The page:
Costly food to keep Saudi inflation high

The most notable fall was in food price inflation, which dropped from 7.6% to 6.8% (SUPPLIED)

A slight decline in food prices depressed the inflation rate in Saudi Arabia to a nine-month low in January but an expected rise in those prices will keep the rate relatively high through 2011, a key investment company in the Gulf kingdom has said.

Year-on-year inflation in January slipped to around 5.3 per cent from 5.4 per cent in December, the Riyadh-based Jadwa Investment said in a brief study sent to Emirates 24|7 on Saturday.

It said the rate in January, as cited by the government, was the lowest since April 2010 and marks the fifth consecutive month inflation in the world’s dominant oil power has eased.

“In year-on-year terms, inflation declined across most components of the cost of living index,” the study said.

“The most notable fall was in food price inflation, which dropped from 7.6 per cent to 6.8 per cent. Although global food prices have risen so far this year, large falls in the prices of some key food stuffs were recorded in the kingdom last month. Given the continued rise in international food prices, it is likely that food price inflation in Saudi Arabia will remain high.”

The report showed inflation in the rental sector, another key component in Saudi Arabia’s consumer price index, maintained its downward trend, dropping to 8.3 per cent, its lowest level since July 2007, from 8.5 per cent in December.  “As monthly rental inflation tends to pick-up in the first half of the year, as was the case in January, the year-on-year rate of change will probably not fall much further in the coming months.”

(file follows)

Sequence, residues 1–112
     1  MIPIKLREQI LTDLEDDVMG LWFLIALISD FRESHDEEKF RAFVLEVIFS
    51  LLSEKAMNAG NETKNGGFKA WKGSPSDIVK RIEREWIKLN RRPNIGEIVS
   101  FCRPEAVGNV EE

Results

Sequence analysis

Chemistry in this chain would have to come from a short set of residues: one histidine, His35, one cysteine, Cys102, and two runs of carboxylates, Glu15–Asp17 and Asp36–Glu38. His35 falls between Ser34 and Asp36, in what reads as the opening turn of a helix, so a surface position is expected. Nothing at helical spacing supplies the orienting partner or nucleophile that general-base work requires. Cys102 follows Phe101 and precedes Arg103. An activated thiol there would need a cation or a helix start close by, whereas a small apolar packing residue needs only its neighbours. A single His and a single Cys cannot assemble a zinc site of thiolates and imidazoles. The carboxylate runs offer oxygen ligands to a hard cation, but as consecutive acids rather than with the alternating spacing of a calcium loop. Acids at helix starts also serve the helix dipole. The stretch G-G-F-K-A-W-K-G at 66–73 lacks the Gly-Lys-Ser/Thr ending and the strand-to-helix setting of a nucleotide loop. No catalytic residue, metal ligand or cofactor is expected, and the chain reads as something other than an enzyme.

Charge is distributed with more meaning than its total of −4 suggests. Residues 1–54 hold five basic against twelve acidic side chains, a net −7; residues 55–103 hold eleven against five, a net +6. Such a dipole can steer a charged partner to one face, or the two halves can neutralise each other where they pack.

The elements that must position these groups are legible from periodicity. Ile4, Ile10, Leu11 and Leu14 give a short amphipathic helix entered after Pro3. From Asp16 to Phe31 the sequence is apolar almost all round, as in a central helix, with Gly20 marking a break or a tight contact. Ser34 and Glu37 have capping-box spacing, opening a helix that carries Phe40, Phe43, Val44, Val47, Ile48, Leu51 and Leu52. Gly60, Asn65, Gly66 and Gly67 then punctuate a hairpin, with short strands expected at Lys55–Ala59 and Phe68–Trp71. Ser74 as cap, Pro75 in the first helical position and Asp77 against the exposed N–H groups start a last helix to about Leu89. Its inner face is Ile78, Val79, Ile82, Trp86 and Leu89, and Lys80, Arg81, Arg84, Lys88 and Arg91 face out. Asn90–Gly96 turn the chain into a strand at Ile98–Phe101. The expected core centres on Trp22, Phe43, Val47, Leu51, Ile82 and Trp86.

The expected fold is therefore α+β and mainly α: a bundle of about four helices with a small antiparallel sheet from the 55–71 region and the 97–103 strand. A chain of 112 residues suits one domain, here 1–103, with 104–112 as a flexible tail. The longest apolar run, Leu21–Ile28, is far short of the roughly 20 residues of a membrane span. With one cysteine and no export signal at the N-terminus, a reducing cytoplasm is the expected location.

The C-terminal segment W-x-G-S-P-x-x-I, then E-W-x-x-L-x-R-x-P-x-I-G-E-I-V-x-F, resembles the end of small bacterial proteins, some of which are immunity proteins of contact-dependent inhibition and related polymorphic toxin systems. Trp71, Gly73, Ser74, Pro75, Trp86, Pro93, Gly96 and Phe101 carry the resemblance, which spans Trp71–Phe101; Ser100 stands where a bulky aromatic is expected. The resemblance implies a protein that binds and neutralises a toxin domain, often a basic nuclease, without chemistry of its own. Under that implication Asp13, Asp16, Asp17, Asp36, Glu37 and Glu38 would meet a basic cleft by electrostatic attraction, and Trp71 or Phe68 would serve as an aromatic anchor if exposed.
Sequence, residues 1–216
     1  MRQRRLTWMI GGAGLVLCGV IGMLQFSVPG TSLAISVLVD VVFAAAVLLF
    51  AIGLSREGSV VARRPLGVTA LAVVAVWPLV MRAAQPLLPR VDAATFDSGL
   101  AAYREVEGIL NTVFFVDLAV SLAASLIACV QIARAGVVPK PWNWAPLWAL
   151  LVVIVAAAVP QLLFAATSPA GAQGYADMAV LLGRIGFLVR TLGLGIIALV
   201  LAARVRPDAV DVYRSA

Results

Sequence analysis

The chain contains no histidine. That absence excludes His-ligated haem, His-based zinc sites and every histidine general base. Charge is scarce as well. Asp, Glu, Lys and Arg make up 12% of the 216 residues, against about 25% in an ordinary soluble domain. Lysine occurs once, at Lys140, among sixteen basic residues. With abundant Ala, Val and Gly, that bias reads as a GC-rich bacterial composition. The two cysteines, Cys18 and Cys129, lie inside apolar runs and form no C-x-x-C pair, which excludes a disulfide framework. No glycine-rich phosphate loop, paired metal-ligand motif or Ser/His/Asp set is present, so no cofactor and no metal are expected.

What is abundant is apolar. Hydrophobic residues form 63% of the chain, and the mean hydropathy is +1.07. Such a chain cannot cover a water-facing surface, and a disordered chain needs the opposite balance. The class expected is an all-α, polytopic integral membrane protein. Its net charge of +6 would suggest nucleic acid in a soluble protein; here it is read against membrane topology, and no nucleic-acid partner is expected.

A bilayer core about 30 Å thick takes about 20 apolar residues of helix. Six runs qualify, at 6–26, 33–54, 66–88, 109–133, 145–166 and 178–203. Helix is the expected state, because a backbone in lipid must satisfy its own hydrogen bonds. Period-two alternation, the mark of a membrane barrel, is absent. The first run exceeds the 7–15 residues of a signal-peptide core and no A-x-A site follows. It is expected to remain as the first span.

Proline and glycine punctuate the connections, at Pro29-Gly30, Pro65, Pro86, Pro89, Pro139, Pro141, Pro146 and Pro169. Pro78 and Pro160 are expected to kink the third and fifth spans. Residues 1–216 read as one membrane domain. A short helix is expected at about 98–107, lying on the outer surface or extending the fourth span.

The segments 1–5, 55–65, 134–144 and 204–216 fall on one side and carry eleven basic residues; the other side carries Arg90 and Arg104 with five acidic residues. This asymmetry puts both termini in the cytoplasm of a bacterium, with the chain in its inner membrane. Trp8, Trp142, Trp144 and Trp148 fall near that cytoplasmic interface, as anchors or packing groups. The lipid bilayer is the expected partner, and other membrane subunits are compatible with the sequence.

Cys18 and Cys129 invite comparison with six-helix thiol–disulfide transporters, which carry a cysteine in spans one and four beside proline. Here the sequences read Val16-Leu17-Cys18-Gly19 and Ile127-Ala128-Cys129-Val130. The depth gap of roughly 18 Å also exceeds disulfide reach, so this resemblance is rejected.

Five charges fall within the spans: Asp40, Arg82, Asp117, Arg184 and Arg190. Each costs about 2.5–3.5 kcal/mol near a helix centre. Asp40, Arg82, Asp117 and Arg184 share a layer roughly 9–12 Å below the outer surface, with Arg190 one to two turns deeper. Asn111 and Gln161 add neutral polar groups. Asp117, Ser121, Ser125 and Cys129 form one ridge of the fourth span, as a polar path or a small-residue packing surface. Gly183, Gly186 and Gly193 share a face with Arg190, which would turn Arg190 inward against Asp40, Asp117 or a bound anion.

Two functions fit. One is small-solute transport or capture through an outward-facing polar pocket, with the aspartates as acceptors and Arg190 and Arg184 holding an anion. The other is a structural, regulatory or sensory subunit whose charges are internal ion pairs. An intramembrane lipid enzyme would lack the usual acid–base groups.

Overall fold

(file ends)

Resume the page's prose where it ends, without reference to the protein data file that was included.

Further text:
It showed year-on-year inflation for the other components of the cost of living index was fairly stable.  The only rises were for clothing, owing to higher international cotton prices, and medical care, which hit its highest level since March 2009, according to Jadwa.
“Outside of rents, there remains very little domestic price pressure in the economy. For 2011, international commodity prices are likely to be the main source of inflation.”

Jadwa forecast annual inflation in Saudi Arabia, the largest Arab economy, would average about 5.3 per cent in 2011, equivalent to the 2010 rate but slightly higher than the 5.1 per cent in 2009.

Inflation in Saudi Arabia climbed to one of its highest rates of nearly 9.9 per cent in 2008 due to a surge in food prices and rents, strong domestic demand, and the weakening in the US dollar, to which the national currency, riyal, is pegged. The other Gulf oil exporters reeled under record high inflation rates before they were pushed down by the 2008 global financial crisis.
At 5.3 per cent, inflation in Saudi Arabia is considered high given the minimal low rates of around 0.8 per cent recorded during a period of nearly 15 years after 1990.

“Price pressures are likely to ease slightly this year due to comparatively lower rental inflation, although food price inflation could remain elevated due to global price pressures. Inflation this year remains historically high for a country that experienced average inflation of 0.8 per cent between 1990 and 2006,” Banque Saudi Fransi said in a study last week.

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